The Solemnity of Our Lord Jesus Christ the King, Cycle C
Author: Fr. Patrick Butler, LC
The Solemnity of Our Lord Jesus Christ the King
Readings: 2 Samuel 5:1-3; Psalm 122; Colossians 1:12-20; Luke 23:35-43
Fr. Patrick Butler, LC
THEME OF THE READINGS
Jesus Christ is King
and Lord of the cosmos - of creation and salvation.
He is the fulfillment of the promise of perpetual rule
to the house of David. However, his Kingship differs from
that of David. He rules triumphant from the cross, where
he is regarded with disdain by those who sought a
temporal and political messiah or king. His Kingdom can be
recognized only by those who believe that he is the
Son of God.
The principal message of the liturgy this
week can be found in all three Readings. The First
Reading recalls the anointing of David as King of Israel.
For the people of Israel, the King represented God and
was a mediator for the people. David was first chosen
not by the elders, but by God himself, who saw
in the heart of David a man after His own
heart. He is the prefigurement of the future Messiah, fulfilled
in Christ – the true and only mediator between God
and man, the faithful Son who perfectly fulfills the will
of the Father, whose Kingdom will never fail.
The Gospel debuts
with Jesus´ adversaries, rulers themselves, mocking him and challenging him
to a show of power if he is indeed the
messiah. Saving himself from death would be a sign of
power. The inscription above the cross states plainly, "This is
the King of the Jews," without further commentary. One of
the two criminals crucified with Jesus cries out in a
bitter, unbelieving tone, rebelling against impending death, that Jesus should
extend his act of saving himself from death to the
two criminals with him.
None of these personages understands Jesus´ Kingship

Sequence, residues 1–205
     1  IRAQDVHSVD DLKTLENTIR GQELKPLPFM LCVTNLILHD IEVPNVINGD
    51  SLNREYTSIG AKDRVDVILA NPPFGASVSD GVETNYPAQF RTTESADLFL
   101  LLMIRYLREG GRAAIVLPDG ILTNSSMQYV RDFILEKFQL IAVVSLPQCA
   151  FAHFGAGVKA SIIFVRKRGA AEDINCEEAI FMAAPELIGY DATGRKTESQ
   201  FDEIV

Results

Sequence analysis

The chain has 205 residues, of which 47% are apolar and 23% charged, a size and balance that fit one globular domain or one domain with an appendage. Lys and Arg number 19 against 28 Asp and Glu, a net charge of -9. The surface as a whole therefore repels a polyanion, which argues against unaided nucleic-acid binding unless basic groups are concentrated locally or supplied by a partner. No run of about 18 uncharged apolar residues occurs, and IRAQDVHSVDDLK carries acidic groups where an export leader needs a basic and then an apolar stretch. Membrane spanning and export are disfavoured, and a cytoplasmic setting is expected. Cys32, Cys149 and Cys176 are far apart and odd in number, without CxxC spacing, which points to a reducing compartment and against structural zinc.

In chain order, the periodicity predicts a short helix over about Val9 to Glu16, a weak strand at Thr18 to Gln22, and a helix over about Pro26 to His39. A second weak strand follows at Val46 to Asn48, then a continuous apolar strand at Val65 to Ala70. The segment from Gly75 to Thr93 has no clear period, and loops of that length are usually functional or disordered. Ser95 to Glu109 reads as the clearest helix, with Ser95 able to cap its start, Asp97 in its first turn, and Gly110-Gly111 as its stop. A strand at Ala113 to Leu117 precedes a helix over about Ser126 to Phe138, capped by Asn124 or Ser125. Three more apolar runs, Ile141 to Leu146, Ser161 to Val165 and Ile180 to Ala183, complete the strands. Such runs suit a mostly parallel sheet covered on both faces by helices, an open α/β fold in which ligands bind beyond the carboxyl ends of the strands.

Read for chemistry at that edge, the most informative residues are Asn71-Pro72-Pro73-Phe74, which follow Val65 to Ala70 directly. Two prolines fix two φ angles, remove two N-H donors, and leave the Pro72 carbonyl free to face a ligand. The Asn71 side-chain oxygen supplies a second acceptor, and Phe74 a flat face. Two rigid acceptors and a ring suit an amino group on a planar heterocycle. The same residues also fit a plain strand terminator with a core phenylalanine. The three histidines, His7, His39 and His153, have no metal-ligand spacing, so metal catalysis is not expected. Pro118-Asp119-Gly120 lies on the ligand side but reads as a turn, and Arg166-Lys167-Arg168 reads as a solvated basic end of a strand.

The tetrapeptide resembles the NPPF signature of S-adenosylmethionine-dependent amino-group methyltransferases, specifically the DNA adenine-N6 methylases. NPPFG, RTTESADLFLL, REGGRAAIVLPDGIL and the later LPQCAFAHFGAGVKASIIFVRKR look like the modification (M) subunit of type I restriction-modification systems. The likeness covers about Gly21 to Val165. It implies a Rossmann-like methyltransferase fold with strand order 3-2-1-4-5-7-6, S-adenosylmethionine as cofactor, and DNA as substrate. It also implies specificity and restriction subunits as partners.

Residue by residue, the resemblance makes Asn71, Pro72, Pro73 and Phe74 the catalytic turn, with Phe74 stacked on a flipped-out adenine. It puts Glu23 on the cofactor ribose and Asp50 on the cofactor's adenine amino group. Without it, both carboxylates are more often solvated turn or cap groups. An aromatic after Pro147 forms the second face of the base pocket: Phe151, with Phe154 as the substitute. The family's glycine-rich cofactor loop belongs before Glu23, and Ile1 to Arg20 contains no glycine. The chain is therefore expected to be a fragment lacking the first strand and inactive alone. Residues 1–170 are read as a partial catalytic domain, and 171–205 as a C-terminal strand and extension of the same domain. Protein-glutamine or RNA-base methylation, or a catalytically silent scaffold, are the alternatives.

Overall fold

and the nature of his Kingdom. Only the other criminal,
who recognizes his own sinfulness and Jesus´ innocence, has the
eyes to see the Kingdom that Christ´s death establishes. He
asks to be remembered and, since his words are tantamount
to a confession of sinfulness and a public profession of
faith, Jesus assures him that he will be remembered. In
fact, he will join Christ in the eternal Kingdom, in
St. Paul puts in more doctrinal terms - but no
less beautiful - the truth of the Kingdom. In the
first place he declares, "He [the Father] delivered us from
the power of darkness and transferred us to the Kingdom
of his beloved Son, in whom we have redemption, the
forgiveness of sins." This is the reality that the "good
thief" discovered. Secondly, St. Paul goes on to write the
New Testament hymn that proclaims the plenitude, the fullness, of
Christ both in the order of creation and in the
order of salvation. This hymn concludes by restating that "…in
him all the fullness was pleased to dwell,/ and through
him to reconcile all things for him,/ making peace by
the blood of the cross/ through him whether those on
earth or those in heaven."
In conclusion, Jesus´ Kingship is essentially
fulfilled in eternity, but it is begun in time. After
all, he established his Kingdom on the cross, by freeing
sinners and bringing them to Paradise. Christians also work to
further Christ´s Kingdom on earth, recognizing all the while that
its fulfillment will be in eternity.
This liturgy gives a
wonderful opportunity to center our attention on the person and
the mystery of Jesus Christ. We often have a poor
Christology, which is the knowledge of the dimensions of the
person of our Lord.
This solemnity gives an opportunity to
focus on Christ as savior - as my savior. He
rules as King by giving his life for me. My
heart should be no less moved than that of the
"good thief," who experienced this reality in an existential way.